Keep up the hard work Sir – it’s not easy, but it’s bloody worth it.

    Liked by 1 person

    • jontetsuo says:

      Tom, cheers for such kind words. I’m all about the hairy arse, and the grim details. 400 days is a massive achievement!! Stay in touch buddy, you’ll be at 1k before you even know it.

      Like

  3. Charae says:

    Only a little over 300 days for me and I’m around the “meh” part. Your blog post is one I am going to figure out how to repost, somewhere, some way, in complete awe of your ability to put into words all the great stuff and the bullshit involved in getting sober. It’s hard work and the most gratifying too!!! Thank you for your blog!!!

    Liked by 1 person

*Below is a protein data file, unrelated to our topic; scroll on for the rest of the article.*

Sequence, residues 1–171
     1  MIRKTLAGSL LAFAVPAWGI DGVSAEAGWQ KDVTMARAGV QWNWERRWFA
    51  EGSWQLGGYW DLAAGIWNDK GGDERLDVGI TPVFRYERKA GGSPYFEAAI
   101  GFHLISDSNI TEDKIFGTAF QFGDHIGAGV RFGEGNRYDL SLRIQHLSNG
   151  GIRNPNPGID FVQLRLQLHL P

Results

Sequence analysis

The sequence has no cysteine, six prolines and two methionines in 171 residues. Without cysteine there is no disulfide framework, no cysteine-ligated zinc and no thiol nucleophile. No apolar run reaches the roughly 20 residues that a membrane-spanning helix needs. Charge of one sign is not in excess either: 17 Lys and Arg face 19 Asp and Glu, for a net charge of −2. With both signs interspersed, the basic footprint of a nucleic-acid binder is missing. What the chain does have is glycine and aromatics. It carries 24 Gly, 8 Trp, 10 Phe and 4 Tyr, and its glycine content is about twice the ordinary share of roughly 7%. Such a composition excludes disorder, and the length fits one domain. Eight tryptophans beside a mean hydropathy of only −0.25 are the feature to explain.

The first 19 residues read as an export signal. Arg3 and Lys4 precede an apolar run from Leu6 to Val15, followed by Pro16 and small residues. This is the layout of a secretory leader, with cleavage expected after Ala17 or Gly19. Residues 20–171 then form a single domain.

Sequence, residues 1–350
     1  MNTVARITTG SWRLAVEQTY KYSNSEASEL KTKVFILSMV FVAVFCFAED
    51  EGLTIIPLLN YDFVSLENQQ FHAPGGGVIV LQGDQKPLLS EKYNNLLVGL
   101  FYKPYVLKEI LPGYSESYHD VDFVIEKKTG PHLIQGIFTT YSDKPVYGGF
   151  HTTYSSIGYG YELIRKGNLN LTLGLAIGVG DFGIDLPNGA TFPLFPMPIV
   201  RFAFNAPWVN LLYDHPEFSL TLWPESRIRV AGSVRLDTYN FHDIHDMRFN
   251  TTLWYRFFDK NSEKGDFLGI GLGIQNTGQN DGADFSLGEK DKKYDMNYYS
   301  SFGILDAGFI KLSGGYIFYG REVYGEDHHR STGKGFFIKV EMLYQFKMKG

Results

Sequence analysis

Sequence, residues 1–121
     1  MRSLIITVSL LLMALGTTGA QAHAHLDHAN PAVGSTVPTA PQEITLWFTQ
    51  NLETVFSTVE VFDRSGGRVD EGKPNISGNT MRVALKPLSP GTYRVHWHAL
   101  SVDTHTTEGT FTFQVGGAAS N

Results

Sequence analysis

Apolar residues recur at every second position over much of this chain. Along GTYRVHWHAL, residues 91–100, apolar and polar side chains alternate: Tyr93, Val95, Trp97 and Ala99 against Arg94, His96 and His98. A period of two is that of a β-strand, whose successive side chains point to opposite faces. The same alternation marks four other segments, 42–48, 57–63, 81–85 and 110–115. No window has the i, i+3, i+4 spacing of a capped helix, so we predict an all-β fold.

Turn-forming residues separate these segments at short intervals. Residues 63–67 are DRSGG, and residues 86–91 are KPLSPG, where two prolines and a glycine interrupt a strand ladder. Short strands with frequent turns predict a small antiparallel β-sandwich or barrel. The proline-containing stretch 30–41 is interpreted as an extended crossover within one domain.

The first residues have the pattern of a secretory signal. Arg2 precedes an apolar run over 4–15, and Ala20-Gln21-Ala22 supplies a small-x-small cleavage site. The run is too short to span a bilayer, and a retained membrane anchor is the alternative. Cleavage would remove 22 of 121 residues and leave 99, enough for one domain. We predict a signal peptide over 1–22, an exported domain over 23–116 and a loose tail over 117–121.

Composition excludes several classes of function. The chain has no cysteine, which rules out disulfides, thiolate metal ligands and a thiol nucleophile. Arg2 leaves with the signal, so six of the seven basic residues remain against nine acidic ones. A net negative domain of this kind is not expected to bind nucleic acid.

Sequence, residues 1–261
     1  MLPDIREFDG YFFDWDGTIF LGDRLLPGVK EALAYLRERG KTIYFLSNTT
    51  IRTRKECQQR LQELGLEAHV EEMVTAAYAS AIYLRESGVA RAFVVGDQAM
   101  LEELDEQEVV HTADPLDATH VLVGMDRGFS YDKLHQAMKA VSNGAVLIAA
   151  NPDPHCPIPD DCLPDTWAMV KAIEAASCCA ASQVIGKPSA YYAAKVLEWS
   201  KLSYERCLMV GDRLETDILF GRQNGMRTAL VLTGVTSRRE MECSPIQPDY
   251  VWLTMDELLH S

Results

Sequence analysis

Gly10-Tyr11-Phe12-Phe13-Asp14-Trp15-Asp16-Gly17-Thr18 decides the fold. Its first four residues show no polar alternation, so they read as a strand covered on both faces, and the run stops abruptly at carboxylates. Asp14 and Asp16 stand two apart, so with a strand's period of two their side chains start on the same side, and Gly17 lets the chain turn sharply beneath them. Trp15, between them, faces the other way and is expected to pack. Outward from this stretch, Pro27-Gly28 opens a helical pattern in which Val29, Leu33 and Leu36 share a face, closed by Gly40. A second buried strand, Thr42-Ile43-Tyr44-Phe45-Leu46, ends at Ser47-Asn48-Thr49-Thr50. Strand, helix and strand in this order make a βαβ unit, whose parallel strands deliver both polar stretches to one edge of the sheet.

4. Kippi says:

    Your blogs are funny and REAL! Just celebrated two years April 17. Best decision ever. I was reminded today when I woke up from a “drunk dream” and realized I was sober, how great it is! What a relief! Keep keeping on, bro.

    Liked by 1 person

  5. thesoberraccoon says:

    Happy 1000 Days! 🏆🙌🏻 I’m having a pretty Shit time with sobriety at the moment. I am bored of it and have forgotten how much better it is not to be hungover. But plodding on anyway! Thanks for the post! You Rock 👊🏻

    Liked by 1 person

  6. Adri says: